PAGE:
Palgrave is a suburban community, located in the Town of Caledon, Regional Municipality of Peel, Ontario, Canada. It is located about 10 km north of Bolton and about 50 km northwest of Toronto. Palgrave is located east of Orangeville, south of Alliston, west of Newmarket and north of Brampton.
Palgrave was originally called Buckstown after Brian Dolan, nicknamed Barney or Buck. He managed the Western Hotel after it was built in 1846. In 1869, postal authorities renamed the community Palgrave.
In 1877 Hamilton & North-Western Railway was constructed through the centre of Palgrave, from the southwest to the northeast. This railway was taken over by the Grand Trunk Railway in 1888, and later absorbed by Canadian National Railways. Much of the track throughout this region was damaged by flooding in 1954 as a result of Hurricane Hazel and had to be rebuilt. Palgrave was a flag station on the CNR. Although there was a station with a passenger waiting room, the Agent at this location was removed in 1931. The station was located on the west side of the track (west of Hwy 50). Scheduled passenger service ended in July 1960 and the station was removed shortly thereafter. The rails over this section were removed in 1986.
Canadian artist David B. Milne (1882–1953) lived in Palgrave for a short time from 1929 to 1932 and painted a number of scenes there. His work Kitchen Chimney depicts a view of the town's Elm Tree Hotel and is part of the collection of the National Gallery of Canada.
Small housing developments were built around Palgrave in the 1950s, followed by estate home development and subdivisions beginning in the late 1960s.
The primary source for basic documents (vital statistics, land records, wills) for people who lived in the Province of Ontario is the Archives of Ontario, 134 Ian Macdonald Blvd, Toronto, Ontario, Canada M7A 2C5.
Civil registration did not begin in the province until 1869. Before then there may be church records of baptisms and burials. For the most part these are still held by the denomination who recorded them. Copies of marriage records made pre-1869 had to be sent by individual clergymen to the registrar of the county in which the marriage took place. These marriage records are available through Ontario Archives, on micorfilm through LDS libraries, and on paid and unpaid websites, but because they were copied at the registrars' offices, they cannot be considered a primary source.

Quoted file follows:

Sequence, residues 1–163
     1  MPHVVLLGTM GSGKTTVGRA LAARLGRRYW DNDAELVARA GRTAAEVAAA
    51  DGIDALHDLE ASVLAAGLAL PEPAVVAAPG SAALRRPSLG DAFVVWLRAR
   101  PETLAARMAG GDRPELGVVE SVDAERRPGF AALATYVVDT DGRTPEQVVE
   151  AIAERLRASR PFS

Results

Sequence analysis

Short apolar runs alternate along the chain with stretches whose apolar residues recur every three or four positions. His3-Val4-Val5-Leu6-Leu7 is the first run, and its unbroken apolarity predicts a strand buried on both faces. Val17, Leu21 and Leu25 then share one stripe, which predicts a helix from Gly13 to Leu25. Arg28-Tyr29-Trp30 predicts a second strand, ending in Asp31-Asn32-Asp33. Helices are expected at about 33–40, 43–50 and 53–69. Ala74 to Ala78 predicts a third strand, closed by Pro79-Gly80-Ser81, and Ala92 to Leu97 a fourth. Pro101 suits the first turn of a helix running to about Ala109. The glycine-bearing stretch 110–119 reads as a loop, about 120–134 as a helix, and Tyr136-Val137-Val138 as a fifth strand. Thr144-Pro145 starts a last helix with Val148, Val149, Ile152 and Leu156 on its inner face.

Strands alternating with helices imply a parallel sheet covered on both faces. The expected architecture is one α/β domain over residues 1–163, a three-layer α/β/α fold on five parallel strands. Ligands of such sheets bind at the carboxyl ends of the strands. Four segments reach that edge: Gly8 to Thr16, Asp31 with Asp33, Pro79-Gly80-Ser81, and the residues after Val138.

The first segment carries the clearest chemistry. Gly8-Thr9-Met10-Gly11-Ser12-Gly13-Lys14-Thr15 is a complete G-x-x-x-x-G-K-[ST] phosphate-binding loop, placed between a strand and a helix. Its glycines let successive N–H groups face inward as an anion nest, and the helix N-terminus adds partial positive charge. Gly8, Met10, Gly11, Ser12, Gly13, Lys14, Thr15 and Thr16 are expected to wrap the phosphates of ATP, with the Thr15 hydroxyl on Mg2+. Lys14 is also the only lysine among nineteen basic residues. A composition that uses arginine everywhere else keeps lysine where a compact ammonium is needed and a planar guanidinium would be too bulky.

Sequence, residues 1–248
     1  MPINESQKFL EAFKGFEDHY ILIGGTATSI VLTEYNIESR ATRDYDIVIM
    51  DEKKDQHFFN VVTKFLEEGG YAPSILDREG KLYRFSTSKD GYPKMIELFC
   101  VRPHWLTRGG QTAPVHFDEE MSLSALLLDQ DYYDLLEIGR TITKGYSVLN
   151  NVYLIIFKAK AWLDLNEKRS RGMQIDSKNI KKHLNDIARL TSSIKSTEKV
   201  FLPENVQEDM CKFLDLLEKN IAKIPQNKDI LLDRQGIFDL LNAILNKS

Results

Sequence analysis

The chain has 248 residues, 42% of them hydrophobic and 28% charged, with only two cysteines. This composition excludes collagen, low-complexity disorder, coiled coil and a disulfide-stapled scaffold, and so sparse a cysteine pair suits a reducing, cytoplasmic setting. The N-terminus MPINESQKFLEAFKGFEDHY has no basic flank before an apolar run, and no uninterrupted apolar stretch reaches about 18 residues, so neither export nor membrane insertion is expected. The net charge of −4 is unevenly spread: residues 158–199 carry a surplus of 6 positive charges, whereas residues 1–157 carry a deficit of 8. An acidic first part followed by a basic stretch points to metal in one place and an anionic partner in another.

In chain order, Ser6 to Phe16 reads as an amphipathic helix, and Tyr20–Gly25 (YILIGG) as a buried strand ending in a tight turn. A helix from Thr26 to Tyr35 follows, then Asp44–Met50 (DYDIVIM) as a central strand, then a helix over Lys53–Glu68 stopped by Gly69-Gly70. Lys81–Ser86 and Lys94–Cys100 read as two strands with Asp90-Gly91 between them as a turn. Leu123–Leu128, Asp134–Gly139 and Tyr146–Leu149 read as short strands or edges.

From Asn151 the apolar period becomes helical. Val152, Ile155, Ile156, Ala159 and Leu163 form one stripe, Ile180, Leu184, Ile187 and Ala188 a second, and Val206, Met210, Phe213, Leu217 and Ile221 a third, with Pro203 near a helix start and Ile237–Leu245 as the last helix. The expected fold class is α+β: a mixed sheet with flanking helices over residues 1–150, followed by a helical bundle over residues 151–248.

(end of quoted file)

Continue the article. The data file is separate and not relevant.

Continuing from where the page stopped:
Vital Records after 1869
Birth, marriage and death registrations are not open to the public until a specific number of years after the event occurred. Births to 1915 are now available [October 2014]; dates for marriages and deaths are later. Birth and death registration was not universally carried out in the early years after its adoption. Deaths were more apt to be reported than births for several years. The more rural the area, the less likely it would be that these happenings were reported to the authorities.
Land Records and Wills
Information on how to access land records and wills is best sought on the Archives of Ontario website. An ancestor's land holding might be found on Canadian County Atlas Digital Project if he was in occupancy circa 1878.
Association for the Preservation of Ontario Land Registry Office Documents (APOLROD). A list of Land Registry Offices for all Counties of Ontario.
The original censuses are in the hands of Library and Archives Canada, known to Canadians as "LAC". Copies of original microfilms are online at the LAC website for all censuses up to 1911. Each census database is preceded with an explanation of the geographical area covered, the amount of material retained (some census division material has been lost), the questions on the census form, and whether there is a name index. Census divisions were redrawn as the population increased and more land was inhabited. The 1921 census is only available through Ancestry.ca, but it is free-to-view.
E-books and Books
Some websites with more local information on Peel County